The first example. Ask people about the next magazine number cover before the issue is ready. The post can include an easy copy with two photos – “which one is better in your opinion?” This simple idea gives people the power to decide, the expectation related to which one will win (“mine” or not?), and the satisfaction (when the result is be compatible with their wish). It’s natural that they will follow the action just out of curiosity.
The second example. Carry out a survey related to the topics readers want to see inside the magazine in the future. It makes them look forward to the next issue. When the work on the article will be in progress, gradually heat up the atmosphere: show a moving or a little bit controversial bit of the unpublished text which will for sure generate some discussion and make people look forward to reading the full version.
The third example. Show something that readers won’t find in the magazine: behind the scenes of the interview, your daily work, members of your team. People just like it! And have the impression that they get something special. It’s also a way to show your brand from a different side.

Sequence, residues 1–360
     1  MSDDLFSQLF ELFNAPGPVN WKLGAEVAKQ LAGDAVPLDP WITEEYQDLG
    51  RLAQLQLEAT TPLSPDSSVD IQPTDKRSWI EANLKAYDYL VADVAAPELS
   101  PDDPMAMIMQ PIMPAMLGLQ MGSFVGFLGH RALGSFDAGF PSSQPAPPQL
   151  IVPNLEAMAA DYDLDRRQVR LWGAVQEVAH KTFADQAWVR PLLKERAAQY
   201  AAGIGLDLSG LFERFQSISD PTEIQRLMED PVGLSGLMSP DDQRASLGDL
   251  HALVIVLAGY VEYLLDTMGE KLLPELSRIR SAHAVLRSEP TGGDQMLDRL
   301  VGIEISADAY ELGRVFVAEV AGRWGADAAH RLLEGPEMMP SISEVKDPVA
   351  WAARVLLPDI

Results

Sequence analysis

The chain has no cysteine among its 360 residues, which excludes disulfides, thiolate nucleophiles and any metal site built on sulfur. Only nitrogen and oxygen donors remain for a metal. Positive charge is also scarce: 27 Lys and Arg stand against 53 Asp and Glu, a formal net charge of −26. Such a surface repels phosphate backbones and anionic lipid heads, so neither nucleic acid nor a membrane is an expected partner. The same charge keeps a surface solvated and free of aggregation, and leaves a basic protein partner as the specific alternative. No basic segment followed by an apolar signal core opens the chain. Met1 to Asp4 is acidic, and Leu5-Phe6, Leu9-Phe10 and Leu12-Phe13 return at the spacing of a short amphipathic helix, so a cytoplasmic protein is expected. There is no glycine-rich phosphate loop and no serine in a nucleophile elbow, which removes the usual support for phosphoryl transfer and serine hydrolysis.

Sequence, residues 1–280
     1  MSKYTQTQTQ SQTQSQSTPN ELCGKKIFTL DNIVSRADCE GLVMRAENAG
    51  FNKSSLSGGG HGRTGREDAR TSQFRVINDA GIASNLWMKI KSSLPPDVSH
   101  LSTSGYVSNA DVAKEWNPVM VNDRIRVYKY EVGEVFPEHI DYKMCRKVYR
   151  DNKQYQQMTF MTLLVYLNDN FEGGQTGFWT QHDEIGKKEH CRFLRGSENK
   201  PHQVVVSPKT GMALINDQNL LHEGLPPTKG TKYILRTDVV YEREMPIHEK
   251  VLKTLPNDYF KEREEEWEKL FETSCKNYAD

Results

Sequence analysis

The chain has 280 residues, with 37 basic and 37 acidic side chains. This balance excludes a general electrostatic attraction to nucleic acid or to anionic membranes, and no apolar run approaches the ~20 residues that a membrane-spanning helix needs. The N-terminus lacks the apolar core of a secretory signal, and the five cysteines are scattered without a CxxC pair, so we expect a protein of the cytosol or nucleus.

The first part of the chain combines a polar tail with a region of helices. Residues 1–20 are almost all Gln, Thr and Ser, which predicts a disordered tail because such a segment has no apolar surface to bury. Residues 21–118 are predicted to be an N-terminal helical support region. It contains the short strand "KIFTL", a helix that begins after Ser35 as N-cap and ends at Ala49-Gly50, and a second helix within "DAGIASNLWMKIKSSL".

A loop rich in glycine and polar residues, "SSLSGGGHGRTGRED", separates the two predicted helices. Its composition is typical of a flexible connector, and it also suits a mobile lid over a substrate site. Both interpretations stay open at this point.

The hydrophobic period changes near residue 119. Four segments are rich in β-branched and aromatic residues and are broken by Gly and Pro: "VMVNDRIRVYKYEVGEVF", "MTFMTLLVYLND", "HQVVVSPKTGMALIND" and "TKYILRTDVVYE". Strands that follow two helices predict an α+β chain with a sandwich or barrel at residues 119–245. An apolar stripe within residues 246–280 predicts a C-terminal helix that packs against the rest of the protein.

Regardless of the post type you choose, it should look good on smartphone screens, especially when you put photos or videos – 96 percent of active user accounts worldwide accessed the social network via mobile devices. Take care not only of the parameters and readability of the post but also about catching attention during fast scrolling by a thumb.
Hint: Vertical photography looks best on smartphones because it fills the entire space in newsfeed and thanks to that it focuses the user’s attention longer. Check before publishing whether Facebook has pixelated the graphics after it has been loaded.
Engaging and mobile-friendly posts concepts ensure that your Facebook users will be part of your magazine, and also its creators, someone important whose thoughts, needs and habits matter.
Being part of a project is as much important for people as belonging to a group.
On the way to getting loyal fans, you can go a step further and create a Facebook group that focuses on some topic your readers are engaged in. For example, New Yorker brought to life a group called The New Yorker Movie Club. In the description we read: